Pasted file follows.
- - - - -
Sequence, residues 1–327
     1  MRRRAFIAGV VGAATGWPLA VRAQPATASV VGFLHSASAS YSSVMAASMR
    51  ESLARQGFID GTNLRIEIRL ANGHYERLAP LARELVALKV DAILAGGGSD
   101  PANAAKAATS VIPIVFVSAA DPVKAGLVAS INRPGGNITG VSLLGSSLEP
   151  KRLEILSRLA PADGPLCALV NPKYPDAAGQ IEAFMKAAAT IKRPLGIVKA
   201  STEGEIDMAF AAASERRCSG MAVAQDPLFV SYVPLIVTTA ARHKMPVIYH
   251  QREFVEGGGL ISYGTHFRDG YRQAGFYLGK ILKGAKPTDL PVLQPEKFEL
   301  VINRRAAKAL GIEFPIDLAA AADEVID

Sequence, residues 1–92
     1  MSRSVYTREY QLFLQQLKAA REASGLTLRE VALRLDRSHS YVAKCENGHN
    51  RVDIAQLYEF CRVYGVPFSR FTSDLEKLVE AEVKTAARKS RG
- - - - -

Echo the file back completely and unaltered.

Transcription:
Sequence, residues 1–327
     1  MRRRAFIAGV VGAATGWPLA VRAQPATASV VGFLHSASAS YSSVMAASMR
    51  ESLARQGFID GTNLRIEIRL ANGHYERLAP LARELVALKV DAILAGGGSD
   101  PANAAKAATS VIPIVFVSAA DPVKAGLVAS INRPGGNITG VSLLGSSLEP
   151  KRLEILSRLA PADGPLCALV NPKYPDAAGQ IEAFMKAAAT IKRPLGIVKA
   201  STEGEIDMAF AAASERRCSG MAVAQDPLFV SYVPLIVTTA ARHKMPVIYH
   251  QREFVEGGGL ISYGTHFRDG YRQAGFYLGK ILKGAKPTDL PVLQPEKFEL
   301  VINRRAAKAL GIEFPIDLAA AADEVID

Sequence, residues 1–92
     1  MSRSVYTREY QLFLQQLKAA REASGLTLRE VALRLDRSHS YVAKCENGHN
    51  RVDIAQLYEF CRVYGVPFSR FTSDLEKLVE AEVKTAARKS RG